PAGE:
“We consider STRASA to be the most successful project in recent times, paving the way for a second Green Revolution in Eastern India,” said Dr. S. K. Pattanayak, secretary of the Department of Agriculture, Cooperation, and Farmers Welfare of India. “The country is going to reach 111 million tons of rice this year, and for this, credit should go to this project.”

Meeting global food safety standards

Golden Rice, a provitamin-A biofortified rice variety, completed its third positive food safety evaluation from the United States Food and Drug Administration (US FDA). The US FDA statement comes on the heels of the safety and nutrition approvals from Food Standards Australia New Zealand, and Health Canada making Golden Rice the first nutritionally enhanced genetically modified rice to receive regulatory approval for use in food.

“Each regulatory application that Golden Rice completes with national regulatory agencies takes us one step closer to bringing Golden Rice to the people who need it the most,” said IRRI Director General Matthew Morell. “The rigorous safety standards observed by the US FDA and other agencies provide a model for decision-making in all countries wishing to reap the benefits of Golden Rice.”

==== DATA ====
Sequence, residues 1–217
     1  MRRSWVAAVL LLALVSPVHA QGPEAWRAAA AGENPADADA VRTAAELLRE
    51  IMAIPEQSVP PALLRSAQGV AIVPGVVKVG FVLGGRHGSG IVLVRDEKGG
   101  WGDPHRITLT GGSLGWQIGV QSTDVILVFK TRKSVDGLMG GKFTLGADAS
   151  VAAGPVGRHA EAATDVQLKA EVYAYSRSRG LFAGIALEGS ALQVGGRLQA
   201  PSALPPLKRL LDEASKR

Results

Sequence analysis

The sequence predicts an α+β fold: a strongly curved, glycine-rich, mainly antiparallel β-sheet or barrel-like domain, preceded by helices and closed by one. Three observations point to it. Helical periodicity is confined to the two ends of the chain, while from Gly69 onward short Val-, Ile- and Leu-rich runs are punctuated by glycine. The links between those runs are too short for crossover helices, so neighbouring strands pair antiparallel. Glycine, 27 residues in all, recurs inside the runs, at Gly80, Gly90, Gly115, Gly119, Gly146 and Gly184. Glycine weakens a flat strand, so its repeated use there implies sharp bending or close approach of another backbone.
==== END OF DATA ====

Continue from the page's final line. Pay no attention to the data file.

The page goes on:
In a related development, the Minister of Agriculture for Bangladesh, Matia Chowdhury acknowledged the positive impact of biotech crops and their potential to help Bangladesh meet Zero Hunger by 2030.

“Bangladesh will march forward on Golden Rice,” said H.E. Chowdhury. “Inspired by the success of the country’s first commercially released biotech crop in 2013, Bangladesh is now field testing three more crops developed through applications of biotechnology, including Golden Rice. The government has every intention to support genetically modified crop cultivation in the future.”

Golden Rice is intended as a complementary, food-based solution to existing nutritional interventions, such as diet diversification and oral supplementation. It achieves this by providing 30-50% of the estimated average requirement for Vitamin A of women and children.